When you think of wool, you think of sheep… right? This is normal considering that sheep wool is the most common form of the material. However, there is an abundance of other species that also grow wool – read on to learn more!
- There are several different types of wool that come from goats, including one of the more popular forms of wool, cashmere:
- Cashmere is a superfine wool (15-19 microns) that has been popular in the fashion world for many decades. There is also an ultra-fine variety (12-15 microns) called pashmina. Both are well-known for their softness
Llamas have both a fine undercoat and a course outer layer of wool. This wool comes in a variety of different colours due to the wide range of natural colours that llamas can have!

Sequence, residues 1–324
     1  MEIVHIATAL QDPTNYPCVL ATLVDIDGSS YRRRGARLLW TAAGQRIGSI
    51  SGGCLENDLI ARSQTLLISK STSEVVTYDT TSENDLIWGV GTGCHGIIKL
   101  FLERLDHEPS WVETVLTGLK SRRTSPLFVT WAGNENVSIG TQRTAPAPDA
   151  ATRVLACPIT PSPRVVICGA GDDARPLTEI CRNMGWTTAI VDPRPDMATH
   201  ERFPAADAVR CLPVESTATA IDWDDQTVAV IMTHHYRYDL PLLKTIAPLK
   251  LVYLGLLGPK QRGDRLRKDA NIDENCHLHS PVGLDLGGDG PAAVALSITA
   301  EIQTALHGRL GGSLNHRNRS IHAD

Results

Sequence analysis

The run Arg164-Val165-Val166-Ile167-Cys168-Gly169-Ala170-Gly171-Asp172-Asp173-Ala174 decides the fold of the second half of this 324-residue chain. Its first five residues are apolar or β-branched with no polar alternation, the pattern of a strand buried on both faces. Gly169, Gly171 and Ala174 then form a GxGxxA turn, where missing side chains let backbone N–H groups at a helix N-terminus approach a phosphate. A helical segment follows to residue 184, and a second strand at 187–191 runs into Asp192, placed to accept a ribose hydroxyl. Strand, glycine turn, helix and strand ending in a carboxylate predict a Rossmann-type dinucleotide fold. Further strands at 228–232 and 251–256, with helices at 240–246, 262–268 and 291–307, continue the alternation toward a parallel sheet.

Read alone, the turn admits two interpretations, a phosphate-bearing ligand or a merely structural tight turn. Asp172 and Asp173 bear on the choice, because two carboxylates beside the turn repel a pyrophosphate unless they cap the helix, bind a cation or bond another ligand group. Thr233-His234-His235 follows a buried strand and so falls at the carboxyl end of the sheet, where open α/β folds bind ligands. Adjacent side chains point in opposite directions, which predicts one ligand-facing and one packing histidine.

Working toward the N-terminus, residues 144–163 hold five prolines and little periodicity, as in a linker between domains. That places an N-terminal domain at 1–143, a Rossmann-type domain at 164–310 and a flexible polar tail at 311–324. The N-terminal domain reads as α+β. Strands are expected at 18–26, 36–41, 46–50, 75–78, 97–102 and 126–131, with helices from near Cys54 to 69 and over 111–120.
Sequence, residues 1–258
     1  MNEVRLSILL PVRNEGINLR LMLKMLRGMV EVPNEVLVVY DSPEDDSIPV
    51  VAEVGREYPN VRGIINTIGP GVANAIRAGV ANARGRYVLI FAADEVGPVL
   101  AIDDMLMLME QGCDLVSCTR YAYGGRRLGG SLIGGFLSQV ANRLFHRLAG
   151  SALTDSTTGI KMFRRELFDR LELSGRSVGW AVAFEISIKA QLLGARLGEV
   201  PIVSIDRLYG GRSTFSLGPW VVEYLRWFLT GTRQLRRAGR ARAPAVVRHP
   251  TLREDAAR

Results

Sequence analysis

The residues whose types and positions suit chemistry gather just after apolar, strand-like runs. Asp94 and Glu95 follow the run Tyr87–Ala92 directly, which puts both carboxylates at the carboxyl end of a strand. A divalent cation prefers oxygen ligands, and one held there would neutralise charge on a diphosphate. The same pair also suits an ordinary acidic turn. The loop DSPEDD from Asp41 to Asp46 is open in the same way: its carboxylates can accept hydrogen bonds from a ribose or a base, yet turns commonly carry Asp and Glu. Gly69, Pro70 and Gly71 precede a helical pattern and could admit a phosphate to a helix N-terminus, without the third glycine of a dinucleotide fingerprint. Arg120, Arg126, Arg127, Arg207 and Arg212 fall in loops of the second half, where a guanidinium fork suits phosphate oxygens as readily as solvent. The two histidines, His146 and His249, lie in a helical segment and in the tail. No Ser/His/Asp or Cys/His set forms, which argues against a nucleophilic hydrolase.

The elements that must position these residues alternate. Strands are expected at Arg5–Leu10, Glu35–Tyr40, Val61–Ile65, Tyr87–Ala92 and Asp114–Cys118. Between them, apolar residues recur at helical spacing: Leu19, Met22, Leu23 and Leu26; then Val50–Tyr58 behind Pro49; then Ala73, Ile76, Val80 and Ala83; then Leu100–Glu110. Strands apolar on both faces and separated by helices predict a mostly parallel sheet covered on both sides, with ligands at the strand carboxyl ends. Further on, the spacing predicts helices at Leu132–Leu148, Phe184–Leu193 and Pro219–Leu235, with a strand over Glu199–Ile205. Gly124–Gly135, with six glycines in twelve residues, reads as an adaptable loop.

There are actually two types of alpaca: Huacaya and Suri.
- Huacaya produce dense and soft fibres
- Suri produce silky fibre that resembles dreadlocks!
Alpacas have been bred in South America for millennia, but in recent years countries such as USA, Australia and New Zealand have adopted the animal.
Regardless of the variety of species that grow wool, sheep are the undisputed kings of wool. They were first domesticated around 10,000 years ago, and are still vastly used around the globe, from the U.K. to China (much like premier league footballers nowadays)
Global wool production is estimated to be around 2 million tonnes per year! This equates to around 500,000,000 sheep being sheered around the world each year!
On this website you can read a variety of articles detailing the great properties that makes sheep wool the largest produced type of the material!
Standard Wool have been trading wool for centuries.
For more information visit us at www.standardwool.co.uk.